Last week, I was in Washington, D.C.’s Union Station. The weather had turned cold and I couldn’t help noticing what an inhospitable place it had become for the city’s homeless and dispossessed. Once upon a time, anyone was allowed to be in the train station at any hour. Now, there were signs everywhere announcing that you needed a ticket to be there. Other warning signs indicated that you could only sit for 30 minutes at a time at the food-court tables, while barriers had been placed where benches used to be to make it that much harder to congregate, no less sit down.

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This Midterms, the Bible Reminds Us Poor People Have All the Power

By Rev. Dr. Liz Theoharis
November 4, 2022

“Come on, come on, come on! Don’t you want to vote? … Yes, I’m gonna vote … for justice!” was the song that closed out a Zoom rally with hundreds of poor and low-income people, moral leaders, clergy, activists, and advocates who are part of the Poor People’s Campaign: A National Call for Moral Revival. Yara Allen, co-director of theomusicology and movement arts for the Poor People’s Campaign, led the song as participants registered to text bank five million poor and low-propensity voters before the midterms in order to enliven and enlarge the electorate of low-income voters.

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A Conversation with Rev. Dr. Liz Theoharis

Interview by Union Theological Seminary
November 2022

“We envision a world without poverty, without racism, without the destruction of the earth. This kind of common good is big, but it is completely possible,” Rev. Dr. Liz Theoharis urged. “We have no real scarcity. We just have a scarcity of political will and moral consciousness to do the right thing.”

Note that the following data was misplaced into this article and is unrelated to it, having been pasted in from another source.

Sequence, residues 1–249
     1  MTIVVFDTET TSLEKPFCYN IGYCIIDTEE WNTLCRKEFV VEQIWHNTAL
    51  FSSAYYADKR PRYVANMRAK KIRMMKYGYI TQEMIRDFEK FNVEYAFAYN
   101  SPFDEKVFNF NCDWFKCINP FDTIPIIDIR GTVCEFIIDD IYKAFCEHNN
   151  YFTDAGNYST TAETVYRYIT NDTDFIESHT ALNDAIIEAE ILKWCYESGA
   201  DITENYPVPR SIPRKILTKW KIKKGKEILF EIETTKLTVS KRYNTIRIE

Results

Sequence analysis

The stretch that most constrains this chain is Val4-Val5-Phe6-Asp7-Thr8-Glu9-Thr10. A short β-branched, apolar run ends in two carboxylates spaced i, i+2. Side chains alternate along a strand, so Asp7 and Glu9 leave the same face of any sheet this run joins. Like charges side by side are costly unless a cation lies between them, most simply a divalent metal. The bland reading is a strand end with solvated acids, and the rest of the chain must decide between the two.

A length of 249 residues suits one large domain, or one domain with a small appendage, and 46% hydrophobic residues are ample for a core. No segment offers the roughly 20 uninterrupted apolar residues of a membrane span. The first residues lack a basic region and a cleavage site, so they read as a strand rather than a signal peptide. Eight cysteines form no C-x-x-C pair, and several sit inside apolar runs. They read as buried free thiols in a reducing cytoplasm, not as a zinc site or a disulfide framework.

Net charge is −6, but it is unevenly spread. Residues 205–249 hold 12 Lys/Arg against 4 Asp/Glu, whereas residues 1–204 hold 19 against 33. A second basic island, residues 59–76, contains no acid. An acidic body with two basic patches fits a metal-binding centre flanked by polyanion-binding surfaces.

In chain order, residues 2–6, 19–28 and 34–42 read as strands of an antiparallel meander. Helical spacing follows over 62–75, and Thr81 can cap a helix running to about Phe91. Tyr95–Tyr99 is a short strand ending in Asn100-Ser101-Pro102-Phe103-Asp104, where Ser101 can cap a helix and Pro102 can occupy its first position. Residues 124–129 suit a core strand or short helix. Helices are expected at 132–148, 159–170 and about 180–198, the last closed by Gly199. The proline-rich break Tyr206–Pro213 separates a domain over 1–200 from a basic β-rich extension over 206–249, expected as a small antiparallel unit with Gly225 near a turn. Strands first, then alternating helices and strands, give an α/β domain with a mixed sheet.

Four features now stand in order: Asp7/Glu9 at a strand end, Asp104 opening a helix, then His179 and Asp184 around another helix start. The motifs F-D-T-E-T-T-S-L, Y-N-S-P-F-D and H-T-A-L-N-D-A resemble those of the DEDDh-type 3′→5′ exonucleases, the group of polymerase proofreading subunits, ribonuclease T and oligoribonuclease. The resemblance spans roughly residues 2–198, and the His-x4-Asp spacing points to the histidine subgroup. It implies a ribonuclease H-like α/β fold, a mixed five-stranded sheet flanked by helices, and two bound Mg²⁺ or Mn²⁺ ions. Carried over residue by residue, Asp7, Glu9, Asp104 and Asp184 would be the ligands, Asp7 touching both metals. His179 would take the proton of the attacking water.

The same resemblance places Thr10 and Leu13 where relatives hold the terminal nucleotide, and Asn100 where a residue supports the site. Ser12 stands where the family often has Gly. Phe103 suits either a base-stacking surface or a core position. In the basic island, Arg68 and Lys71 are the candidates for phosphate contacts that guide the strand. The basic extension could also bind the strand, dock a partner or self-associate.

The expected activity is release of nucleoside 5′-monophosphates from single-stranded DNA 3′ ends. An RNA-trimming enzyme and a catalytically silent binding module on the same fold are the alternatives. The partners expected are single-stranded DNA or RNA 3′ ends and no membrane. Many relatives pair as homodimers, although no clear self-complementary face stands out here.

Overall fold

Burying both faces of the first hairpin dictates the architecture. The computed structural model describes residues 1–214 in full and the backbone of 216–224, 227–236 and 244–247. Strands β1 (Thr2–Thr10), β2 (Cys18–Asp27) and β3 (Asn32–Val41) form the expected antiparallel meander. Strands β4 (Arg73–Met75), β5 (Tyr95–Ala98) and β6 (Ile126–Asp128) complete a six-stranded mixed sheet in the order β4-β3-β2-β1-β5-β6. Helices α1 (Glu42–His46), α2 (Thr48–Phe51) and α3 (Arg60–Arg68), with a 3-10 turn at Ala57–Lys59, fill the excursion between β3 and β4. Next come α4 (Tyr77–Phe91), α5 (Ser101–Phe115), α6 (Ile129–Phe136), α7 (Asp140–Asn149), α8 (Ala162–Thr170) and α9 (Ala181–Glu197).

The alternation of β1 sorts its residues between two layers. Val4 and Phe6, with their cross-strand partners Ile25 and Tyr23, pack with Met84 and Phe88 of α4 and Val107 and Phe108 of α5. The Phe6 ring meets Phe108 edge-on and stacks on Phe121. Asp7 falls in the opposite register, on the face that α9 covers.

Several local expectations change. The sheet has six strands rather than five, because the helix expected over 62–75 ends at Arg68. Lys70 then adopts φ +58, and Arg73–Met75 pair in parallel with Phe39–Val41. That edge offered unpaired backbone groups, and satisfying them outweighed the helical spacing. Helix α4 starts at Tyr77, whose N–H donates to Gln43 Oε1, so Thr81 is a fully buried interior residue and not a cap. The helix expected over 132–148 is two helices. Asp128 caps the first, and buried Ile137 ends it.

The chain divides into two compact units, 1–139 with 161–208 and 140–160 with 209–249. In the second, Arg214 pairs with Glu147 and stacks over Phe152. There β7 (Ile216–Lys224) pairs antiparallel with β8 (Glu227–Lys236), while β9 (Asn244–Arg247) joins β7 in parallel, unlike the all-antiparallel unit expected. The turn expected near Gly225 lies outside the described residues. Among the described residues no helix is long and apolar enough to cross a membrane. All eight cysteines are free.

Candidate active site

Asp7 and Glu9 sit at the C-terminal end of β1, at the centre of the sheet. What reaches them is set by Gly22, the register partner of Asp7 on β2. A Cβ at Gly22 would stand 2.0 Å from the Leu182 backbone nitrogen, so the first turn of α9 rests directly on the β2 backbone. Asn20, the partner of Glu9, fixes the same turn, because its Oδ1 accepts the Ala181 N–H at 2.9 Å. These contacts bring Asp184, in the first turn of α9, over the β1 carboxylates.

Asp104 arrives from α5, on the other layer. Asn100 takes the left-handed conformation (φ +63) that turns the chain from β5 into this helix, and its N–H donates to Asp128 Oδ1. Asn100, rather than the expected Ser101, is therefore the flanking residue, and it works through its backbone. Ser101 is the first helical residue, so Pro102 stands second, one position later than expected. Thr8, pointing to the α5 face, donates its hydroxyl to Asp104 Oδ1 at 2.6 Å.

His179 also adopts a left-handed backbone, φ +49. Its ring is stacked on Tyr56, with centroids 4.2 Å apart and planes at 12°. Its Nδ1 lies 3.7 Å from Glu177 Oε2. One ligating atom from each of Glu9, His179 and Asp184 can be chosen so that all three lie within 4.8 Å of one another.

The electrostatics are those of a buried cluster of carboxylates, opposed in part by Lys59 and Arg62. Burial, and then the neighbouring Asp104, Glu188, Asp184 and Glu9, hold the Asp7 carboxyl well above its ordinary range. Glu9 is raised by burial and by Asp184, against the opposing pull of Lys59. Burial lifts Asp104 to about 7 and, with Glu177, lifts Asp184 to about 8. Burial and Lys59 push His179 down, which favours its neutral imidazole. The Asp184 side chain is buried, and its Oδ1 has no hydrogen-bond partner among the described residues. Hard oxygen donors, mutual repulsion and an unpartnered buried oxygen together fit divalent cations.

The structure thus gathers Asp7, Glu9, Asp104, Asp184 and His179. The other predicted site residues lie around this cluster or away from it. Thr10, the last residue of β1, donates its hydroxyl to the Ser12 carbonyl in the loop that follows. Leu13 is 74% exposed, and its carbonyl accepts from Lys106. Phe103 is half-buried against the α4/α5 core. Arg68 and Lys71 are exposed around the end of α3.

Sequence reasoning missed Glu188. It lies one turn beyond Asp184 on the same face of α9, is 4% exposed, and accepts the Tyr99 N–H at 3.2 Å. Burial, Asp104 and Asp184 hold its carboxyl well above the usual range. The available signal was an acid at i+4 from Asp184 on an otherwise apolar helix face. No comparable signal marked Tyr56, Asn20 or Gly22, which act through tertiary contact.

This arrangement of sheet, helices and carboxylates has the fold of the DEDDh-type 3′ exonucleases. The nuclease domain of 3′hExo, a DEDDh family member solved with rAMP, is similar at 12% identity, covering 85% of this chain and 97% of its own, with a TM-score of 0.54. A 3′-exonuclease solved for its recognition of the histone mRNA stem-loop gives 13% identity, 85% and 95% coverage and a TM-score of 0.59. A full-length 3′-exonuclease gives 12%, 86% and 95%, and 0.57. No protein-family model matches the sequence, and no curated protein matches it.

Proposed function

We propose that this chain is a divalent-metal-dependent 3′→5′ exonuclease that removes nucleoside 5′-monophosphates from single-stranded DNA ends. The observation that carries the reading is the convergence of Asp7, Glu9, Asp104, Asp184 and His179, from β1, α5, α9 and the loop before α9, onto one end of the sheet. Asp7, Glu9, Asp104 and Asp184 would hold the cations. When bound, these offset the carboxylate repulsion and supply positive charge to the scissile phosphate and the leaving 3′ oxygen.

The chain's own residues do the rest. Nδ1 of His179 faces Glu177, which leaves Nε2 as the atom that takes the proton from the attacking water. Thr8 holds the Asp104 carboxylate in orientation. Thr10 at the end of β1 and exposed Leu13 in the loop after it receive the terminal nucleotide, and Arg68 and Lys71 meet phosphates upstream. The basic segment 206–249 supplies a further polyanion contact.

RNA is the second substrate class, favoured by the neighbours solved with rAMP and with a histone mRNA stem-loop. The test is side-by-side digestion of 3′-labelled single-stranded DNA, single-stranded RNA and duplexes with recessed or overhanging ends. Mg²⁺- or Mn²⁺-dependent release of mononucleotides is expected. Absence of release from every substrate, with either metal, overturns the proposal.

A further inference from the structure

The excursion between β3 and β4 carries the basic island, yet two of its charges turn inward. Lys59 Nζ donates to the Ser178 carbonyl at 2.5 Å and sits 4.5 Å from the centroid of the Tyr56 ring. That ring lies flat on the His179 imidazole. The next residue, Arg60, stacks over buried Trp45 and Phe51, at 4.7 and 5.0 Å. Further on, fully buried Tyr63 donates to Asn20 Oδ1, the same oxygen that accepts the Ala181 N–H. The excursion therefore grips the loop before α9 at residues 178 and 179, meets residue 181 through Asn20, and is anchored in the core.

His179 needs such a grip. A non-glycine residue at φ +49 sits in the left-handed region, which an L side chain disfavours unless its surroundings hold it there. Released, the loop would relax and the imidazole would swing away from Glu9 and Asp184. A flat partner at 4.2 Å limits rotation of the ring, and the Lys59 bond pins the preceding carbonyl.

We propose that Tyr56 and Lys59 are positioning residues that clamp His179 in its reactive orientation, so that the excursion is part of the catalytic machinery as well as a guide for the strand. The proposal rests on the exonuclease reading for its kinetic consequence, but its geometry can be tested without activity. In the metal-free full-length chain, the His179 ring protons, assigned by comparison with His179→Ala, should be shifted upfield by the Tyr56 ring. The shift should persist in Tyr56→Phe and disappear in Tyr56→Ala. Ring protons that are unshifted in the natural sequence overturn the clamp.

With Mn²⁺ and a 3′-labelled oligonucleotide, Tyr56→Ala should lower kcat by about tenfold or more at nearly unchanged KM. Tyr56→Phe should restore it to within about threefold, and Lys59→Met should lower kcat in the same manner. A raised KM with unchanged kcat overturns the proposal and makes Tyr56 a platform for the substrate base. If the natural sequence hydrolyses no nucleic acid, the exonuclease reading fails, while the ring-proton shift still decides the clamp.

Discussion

Rev. Dr. Liz Theoharis is a Union alumna and serves as Director of the Kairos Center for Religion, Rights, and Social Justice at Union Theological Seminary, and Co-Chair of the Poor People’s Campaign: A National Call for Moral Revival.

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Fight Poverty Not the Poor

The Quality (or Inequality) of Life

Assessing the True Extent of Poverty in the Richest Nation on Earth

Tom Dispatch
By Rev. Dr. Liz Theoharis
October 27, 2022

Ours is an ever more unequal world, even if that subject is ever less attended to in this country. In his final book, Where Do We Go From Here?, Reverend Martin Luther King wrote tellingly, “The prescription for the cure rests with the accurate diagnosis of the disease. A people who began a national life inspired by a vision of a society of brotherhood can redeem itself. But redemption can come only through a humble acknowledgment of guilt and an honest knowledge of self.”

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About the Author

The Reverend Dr. Liz Theoharis is Co-Chair of the Poor People’s Campaign: A National Call for Moral Revival with the Rev. Dr. William J. Barber II. She is the Director of the Kairos Center for Religions, Rights, and Social Justice at Union Theological Seminary. Liz is the editor of We Cry Justice: Reading the Bible with the Poor People’s Campaign (Broadleaf Press, 2021). She is the author of Always with Us?: What Jesus Really Said about the Poor (Eerdmans, 2017) and co-author of Revive Us Again: Vision and Action in Moral Organizing (Beacon, 2018). She is an ordained minister in the Presbyterian Church (USA).